Miller's Draft Value Murky
By Rob Ogden
Probably all of Columbus — maybe selfishly — believes quarterback Braxton Miller would be better served returning for his senior season at Ohio State than declaring for the NFL draft at then end of the year. There's at least two NFL draft experts that can be added to that list, as well.
"I certainly think that he should stay," said Rob Rang, NFL draft analyst for NFLDraftScout.com, The Sports Xchange and CBSSports.com . "The skill set is undeniable: size, arm strength, athletic ability. But at the same time I see a better athlete than an NFL-style quarterback at this point."
Dane Brugler, also of NFLDraftScout.com, and an Ohio native, agreed.
Photo by Dan Harker
"No question, at least for me, Braxton Miller would be well-served to return to Columbus for one more season before turning pro," Brugler said.
Miller is in the midst of by far the best year of his career, with a completion percentage above 63 and 32 total touchdowns despite missing nearly all of three games.
Yet questions remains about his passing ability and NFL potential.
His athletic ability has never been in question, but his accuracy, ball placement and pocket presence — all necessary strengths for an NFL starting quarterback — must improve, the two said.
"If he was to come out at this point, he might be drafted on day two," Rang said. "But at the same time, I believe that the team that drafted him would view him essentially as Terrelle Pryor — as a guy who needs significant refining before they can count on him being a starter."
Pryor was taken in the third round of the supplemental draft in 2011, has played in 12 games for the Oakland Raiders and has a career completion percentage of 57.1.
In his third and final season at Ohio State, Pryor completed 65 percent of his throws for 2,772 yards and 27 touchdowns with 11 interceptions.
Miller's numbers, in fewer games albeit, aren't even on par with what Pryor's were. But his coach believes Miller does have what it takes to play at the next level.
"He has a skillset to be a pro quarterback, there is no doubt in my mind," Urban Meyer said Nov. 25. "I don't believe he's ready yet, but I certainly get asked that question, can Braxton Miller be an NFL quarterback, absolutely, he can. No doubt in my mind because he continues to develop."
If Miller does come out, Rang said teams would have to wait while that development continues to occur.
"He's shown improvement over his career but at the same time it would take a team with an awful lot of patience," he said. "It's a little bit of a misnomer. People think that these quarterbacks are given time to develop, but they really aren't. They aren't given many reps during the workweek. It would be a quick way to limit his upside because he's going to have so much less opportunity to hone his skills."
Miller was recently ranked by Scouts Inc. as the 12th-best draft eligible player at his position — one spot behind Clemson's Tajh Boyd, who Miller will square off against in the Orange Bowl Jan. 3.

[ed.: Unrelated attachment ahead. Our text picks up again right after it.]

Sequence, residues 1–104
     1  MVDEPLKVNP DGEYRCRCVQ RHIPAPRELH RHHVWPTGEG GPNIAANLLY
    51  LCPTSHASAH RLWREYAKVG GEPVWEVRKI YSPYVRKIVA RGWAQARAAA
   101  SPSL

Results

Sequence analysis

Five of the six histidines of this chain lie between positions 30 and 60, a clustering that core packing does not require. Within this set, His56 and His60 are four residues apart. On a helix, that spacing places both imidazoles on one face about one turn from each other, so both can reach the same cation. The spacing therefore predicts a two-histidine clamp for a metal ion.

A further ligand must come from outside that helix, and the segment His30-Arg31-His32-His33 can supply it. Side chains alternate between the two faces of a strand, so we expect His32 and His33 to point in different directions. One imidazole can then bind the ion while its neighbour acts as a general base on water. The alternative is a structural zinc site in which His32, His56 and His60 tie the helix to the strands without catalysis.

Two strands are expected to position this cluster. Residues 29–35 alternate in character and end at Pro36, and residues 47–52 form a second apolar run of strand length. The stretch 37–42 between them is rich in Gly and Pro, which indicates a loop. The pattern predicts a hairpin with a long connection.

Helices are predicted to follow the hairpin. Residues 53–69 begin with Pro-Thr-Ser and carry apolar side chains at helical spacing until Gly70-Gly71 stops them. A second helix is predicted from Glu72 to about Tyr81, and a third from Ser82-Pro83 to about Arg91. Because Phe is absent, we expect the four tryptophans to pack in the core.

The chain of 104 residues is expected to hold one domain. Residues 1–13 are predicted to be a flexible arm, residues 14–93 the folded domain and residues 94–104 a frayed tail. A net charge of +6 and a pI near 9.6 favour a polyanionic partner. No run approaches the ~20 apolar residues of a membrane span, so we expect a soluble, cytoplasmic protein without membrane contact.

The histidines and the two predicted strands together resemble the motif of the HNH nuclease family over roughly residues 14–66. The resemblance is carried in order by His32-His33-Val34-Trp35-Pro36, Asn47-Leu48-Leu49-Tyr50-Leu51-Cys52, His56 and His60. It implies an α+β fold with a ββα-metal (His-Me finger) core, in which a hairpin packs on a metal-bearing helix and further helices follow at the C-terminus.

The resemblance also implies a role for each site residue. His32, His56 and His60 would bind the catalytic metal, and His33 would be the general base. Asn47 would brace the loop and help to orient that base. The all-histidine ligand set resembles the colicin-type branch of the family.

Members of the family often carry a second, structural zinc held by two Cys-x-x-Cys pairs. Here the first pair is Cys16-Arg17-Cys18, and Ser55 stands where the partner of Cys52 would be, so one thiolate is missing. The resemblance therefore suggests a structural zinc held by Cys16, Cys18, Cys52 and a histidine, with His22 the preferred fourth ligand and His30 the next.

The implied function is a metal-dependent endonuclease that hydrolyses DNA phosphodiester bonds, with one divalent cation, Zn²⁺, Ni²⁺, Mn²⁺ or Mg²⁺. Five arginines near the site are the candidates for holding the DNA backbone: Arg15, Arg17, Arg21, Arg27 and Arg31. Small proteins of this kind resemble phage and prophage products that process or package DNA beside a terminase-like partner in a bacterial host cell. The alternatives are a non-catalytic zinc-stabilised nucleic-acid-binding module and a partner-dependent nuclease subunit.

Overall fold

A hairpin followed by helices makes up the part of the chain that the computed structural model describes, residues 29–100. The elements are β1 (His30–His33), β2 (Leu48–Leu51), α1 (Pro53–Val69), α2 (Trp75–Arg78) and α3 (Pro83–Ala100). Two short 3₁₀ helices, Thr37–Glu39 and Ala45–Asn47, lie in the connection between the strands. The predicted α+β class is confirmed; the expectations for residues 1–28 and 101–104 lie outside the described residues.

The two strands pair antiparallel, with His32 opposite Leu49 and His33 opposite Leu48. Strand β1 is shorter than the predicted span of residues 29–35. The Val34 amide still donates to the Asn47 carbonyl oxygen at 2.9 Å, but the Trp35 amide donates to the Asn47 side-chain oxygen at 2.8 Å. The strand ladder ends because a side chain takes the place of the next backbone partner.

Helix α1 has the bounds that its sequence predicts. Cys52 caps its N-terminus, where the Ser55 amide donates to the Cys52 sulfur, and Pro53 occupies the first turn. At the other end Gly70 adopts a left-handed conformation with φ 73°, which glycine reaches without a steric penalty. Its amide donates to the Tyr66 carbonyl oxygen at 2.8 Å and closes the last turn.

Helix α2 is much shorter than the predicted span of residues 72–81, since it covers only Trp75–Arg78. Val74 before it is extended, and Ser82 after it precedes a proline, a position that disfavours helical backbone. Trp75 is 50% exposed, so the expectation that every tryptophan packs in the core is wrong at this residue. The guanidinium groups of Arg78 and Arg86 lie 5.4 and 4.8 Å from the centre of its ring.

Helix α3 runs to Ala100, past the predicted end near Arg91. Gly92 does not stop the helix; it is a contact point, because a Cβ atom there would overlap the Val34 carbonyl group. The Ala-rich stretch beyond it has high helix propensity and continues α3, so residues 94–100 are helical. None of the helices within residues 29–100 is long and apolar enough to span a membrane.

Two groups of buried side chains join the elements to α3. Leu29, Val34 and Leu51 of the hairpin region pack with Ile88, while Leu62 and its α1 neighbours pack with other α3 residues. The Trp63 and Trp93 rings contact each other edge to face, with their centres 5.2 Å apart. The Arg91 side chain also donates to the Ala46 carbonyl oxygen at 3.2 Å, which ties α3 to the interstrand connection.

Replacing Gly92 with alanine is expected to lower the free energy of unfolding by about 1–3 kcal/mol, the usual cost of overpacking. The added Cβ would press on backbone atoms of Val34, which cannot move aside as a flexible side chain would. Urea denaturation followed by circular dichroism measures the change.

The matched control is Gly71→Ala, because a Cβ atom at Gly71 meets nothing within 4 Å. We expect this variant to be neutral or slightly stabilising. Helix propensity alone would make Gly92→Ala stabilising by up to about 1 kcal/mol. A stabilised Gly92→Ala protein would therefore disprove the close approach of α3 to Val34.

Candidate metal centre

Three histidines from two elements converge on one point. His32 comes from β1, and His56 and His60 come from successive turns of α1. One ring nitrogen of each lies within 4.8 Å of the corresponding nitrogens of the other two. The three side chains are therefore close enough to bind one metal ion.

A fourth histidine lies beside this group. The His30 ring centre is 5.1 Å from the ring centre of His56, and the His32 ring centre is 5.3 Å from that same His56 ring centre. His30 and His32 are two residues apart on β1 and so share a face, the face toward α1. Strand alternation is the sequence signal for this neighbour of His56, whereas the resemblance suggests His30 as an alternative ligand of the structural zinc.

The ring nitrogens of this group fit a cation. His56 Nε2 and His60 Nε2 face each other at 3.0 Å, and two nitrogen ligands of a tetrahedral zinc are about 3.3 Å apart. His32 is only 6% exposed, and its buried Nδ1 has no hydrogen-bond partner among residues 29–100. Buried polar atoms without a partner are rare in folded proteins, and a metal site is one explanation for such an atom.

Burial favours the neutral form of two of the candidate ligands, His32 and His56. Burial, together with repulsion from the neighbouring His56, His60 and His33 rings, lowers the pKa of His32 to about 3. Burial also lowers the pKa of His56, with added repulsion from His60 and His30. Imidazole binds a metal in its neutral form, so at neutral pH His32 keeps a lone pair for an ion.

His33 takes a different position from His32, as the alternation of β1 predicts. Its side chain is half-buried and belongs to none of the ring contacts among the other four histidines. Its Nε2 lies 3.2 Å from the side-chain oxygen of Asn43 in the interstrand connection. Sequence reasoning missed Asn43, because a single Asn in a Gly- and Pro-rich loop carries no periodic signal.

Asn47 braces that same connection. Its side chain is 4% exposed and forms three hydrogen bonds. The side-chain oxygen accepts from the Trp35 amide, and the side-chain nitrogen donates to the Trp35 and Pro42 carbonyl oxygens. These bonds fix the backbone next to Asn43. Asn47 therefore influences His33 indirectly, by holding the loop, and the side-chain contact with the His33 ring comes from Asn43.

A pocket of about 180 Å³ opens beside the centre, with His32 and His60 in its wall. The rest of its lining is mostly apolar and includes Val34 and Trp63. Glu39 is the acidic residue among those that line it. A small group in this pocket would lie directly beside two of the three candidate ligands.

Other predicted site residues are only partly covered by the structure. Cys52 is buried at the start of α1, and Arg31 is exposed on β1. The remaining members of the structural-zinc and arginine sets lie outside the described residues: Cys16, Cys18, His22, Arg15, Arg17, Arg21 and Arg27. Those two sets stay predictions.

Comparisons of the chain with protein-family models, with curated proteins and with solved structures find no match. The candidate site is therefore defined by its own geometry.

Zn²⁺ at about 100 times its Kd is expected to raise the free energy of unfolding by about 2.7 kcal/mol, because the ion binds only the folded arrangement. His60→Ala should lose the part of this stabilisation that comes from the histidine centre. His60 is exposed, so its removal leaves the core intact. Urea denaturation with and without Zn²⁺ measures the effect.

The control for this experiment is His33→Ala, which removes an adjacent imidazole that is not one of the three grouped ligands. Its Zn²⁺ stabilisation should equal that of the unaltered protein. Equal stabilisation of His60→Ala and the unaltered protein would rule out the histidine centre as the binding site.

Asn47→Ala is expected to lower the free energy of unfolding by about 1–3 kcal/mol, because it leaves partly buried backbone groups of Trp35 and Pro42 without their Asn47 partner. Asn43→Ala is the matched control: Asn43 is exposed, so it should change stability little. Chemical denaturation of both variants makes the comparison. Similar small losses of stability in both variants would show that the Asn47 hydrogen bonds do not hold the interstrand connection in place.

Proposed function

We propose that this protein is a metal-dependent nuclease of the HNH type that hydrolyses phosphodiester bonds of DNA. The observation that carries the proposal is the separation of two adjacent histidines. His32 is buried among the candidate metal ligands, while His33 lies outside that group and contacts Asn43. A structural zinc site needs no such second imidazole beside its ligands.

In both the 2013 and 2012 drafts, only 11 quarterbacks were selected. In 2011, Alabama's Greg McElroy — the 12th and final quarterback off the board — was taken in the seventh round.
Miller could rise in the rankings if some of his fellow underclassmen decide to return to school, as Oregon's Marcus Mariota did earlier this month.
"That's one of the things that's going to impact a lot of these underclassmen considering coming out early, how many of them do come out," Rang said. "That could potentially push up a player like Miller."
Running quarterbacks have made a comeback in the NFL as of late, but the bottom line is to succeed as a professional quarterback, you have to be a proficient passer.
"Miller has the arm and the athleticism, but he still needs to learn how to best use both of those tools," Brugler said. "His accuracy and touch waver over the course of games and he needs to consistently use his improved mechanics to take his accuracy as a passer to the next level. Miller’s anticipation isn’t quite there yet and another season of reading defenses and adding experience will help him."
Miller, a leading Heisman trophy candidate entering the season, likely could have racked up more gaudy numbers if not for a sprained knee that sidelined him for three weeks.
Because of the nature in which he plays, Miller has had quite a few injury scares during his three years at Ohio State, but Rang said that doesn't play much of a factor in his ranking.
"Anytime you have a quarterback like him who relies so much on his athletic ability in terms of running, you're always going to have some concerns about durability," he said. "The fact that's he always been knocked up, it's a little bit of a red flag but I don't think in the grand scheme of things his injury history is going to be nearly as much of a factor as the fact that he remains a very raw passer. When his first read is taken away he still has a tendency to tuck the ball and run."
Underclassmen have until mid January to declare for the draft. Prior to that, they can submit paperwork to the league's advisory committee which gives players an idea of where they might be selected.
At this point, Miller hasn't given any indication.
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